Drink & Watch: Pee-wee's Big Holiday

Photo courtesy of NetflixIt is an incredibly rare and challenging feat, especially in the midst of this current thirst for nostalgia-driven reboot resurrections of our childhood past, to recapture both the fun and feeling of something long gone. Not only did I watch Pee-wee's Playhouse religiously as a kid, I devoured Tim Burton's movie adaptation of the childlike protagonist who embarks on a national quest to find his missing bicycle. More than thirty years after that initial adventure, and a half-decade after Paul Reubens revived his Pee-wee character on Broadway, I finally sat down to watch the Judd Apatow-produced, Netflix-original Pee-wee's Big Holiday. Then I watched it again. Then I watched it for a third time. The more I continue to think about it, the longer I can hold on to the warm afterglow that has permeated my soul since screening the film. Pee-wee's return to cinematic form is simply incredible. The man is sixty-three years old and he looks younger than me, a guy who is literally half his age. He hasn't missed a beat, either. 

In no way do I think new fans to the genre will be overly impressed with the result (although my young nephews ate it up). If you weren't a fan of Pee-wee before, there's no reason to believe you'll like the updated version. But that's because there isn't much of a difference! In many ways, Pee-wee's Big Holiday is simply an upgrade to his Big Adventure, albeit with fresh faces like Joe Manganiello (playing himself) who puts aside all of his manly machismo and shows a sensitive side that will often have you in complete stitches. It's a sign of how comfortable he is with his image and a true testament to his lack of ego. If you're a fan of the original film, then I have to think you're going to go ape shit for this one. There are great cameos throughout its entirety, plenty of classic Pee-wee encounters, and some serious laugh-out-loud moments that seem both new and familiar simultaneously.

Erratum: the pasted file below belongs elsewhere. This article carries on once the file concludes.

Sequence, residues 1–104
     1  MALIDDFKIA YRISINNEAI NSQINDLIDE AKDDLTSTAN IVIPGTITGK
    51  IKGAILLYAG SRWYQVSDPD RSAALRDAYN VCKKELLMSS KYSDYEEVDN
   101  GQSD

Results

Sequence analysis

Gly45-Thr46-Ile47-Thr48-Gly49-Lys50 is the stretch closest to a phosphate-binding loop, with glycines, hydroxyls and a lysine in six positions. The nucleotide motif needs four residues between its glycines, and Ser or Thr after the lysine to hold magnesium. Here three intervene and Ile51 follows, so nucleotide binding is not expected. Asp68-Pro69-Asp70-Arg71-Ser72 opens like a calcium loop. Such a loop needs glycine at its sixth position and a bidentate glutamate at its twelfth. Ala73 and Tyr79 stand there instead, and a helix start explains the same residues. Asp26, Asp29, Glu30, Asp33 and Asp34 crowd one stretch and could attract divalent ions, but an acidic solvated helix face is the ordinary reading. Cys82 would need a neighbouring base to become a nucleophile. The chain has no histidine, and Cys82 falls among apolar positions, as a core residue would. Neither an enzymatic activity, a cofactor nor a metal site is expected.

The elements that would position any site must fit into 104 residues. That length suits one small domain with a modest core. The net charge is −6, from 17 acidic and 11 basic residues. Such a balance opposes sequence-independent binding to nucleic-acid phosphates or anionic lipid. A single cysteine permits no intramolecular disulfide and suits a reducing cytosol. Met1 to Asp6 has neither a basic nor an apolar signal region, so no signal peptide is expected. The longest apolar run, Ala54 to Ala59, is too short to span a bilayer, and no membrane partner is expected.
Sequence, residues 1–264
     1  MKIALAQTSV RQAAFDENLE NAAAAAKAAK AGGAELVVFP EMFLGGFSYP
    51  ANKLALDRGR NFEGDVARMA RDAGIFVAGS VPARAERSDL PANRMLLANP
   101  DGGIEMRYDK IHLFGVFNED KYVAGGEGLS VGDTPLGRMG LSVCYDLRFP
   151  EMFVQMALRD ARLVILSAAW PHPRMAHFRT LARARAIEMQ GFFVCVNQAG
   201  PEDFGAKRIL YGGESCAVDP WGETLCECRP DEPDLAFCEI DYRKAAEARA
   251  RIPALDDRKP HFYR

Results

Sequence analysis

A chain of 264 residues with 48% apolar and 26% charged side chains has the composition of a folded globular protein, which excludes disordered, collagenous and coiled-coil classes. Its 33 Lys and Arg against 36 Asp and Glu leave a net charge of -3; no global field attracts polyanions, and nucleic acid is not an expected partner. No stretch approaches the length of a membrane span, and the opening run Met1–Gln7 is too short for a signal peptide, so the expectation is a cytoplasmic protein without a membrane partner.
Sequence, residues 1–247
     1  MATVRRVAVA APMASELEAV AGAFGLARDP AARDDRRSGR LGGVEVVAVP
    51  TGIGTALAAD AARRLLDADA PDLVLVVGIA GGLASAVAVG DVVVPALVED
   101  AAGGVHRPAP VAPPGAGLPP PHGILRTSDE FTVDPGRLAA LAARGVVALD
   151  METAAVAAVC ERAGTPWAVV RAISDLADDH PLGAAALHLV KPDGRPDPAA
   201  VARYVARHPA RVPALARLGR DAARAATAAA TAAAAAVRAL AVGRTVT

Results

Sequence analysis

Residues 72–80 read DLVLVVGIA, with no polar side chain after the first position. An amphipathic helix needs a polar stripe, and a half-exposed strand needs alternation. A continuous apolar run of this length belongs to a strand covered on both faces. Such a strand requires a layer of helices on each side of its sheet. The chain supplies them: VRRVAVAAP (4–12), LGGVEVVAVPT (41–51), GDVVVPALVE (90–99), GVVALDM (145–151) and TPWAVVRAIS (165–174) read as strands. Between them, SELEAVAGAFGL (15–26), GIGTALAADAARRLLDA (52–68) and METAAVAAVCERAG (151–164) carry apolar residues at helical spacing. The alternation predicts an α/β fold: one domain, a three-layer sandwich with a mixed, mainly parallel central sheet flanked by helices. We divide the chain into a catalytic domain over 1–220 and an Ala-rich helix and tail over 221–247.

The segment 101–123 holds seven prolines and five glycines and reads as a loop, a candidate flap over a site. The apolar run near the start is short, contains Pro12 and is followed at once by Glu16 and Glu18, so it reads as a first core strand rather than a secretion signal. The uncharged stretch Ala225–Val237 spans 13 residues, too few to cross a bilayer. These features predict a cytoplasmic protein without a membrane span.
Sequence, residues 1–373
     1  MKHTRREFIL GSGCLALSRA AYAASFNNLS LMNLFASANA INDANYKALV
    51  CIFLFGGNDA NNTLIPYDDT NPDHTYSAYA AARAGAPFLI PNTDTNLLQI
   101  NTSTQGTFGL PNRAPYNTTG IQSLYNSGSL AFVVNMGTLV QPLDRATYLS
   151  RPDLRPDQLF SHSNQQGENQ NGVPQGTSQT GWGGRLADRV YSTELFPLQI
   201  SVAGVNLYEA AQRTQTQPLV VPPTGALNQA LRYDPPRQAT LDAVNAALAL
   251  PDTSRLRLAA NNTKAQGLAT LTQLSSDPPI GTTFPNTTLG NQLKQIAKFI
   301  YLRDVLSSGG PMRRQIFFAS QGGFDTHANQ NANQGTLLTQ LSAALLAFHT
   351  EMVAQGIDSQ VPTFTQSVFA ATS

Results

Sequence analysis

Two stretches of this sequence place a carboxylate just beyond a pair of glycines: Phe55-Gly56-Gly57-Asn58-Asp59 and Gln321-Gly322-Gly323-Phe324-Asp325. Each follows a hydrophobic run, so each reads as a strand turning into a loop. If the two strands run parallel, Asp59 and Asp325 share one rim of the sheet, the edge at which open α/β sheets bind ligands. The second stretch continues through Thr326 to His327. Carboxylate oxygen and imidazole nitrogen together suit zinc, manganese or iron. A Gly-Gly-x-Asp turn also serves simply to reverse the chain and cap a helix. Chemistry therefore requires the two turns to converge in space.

As for what to pair with it? You can pair anything that makes you happy. I drank a bottle of Champagne the first time through to celebrate the occasion—a cold bottle of our 2009 Louise Brison that continues to impress the more I revisit it (much like the movie). The second time through I made cocktails—margaritas but with orgeat as the sweetener, which happened out of necessity, but is now a switch I might continue to make as a personal preference. This most recent time through I opened a few beers and kicked back with some family members. This is a party movie through and through. I've been riding a wave of nostalgia ever since, thinking about people and places from my past that I haven't thought about in years. I can't recommend this movie highly enough, both as a jolt of fresh creativity that I'm greatly in need of right now, as well as a welcome walk down memory lane. Few things age like fine wine anymore, but Paul Reubens is one of them. 

-David Driscoll

David Driscoll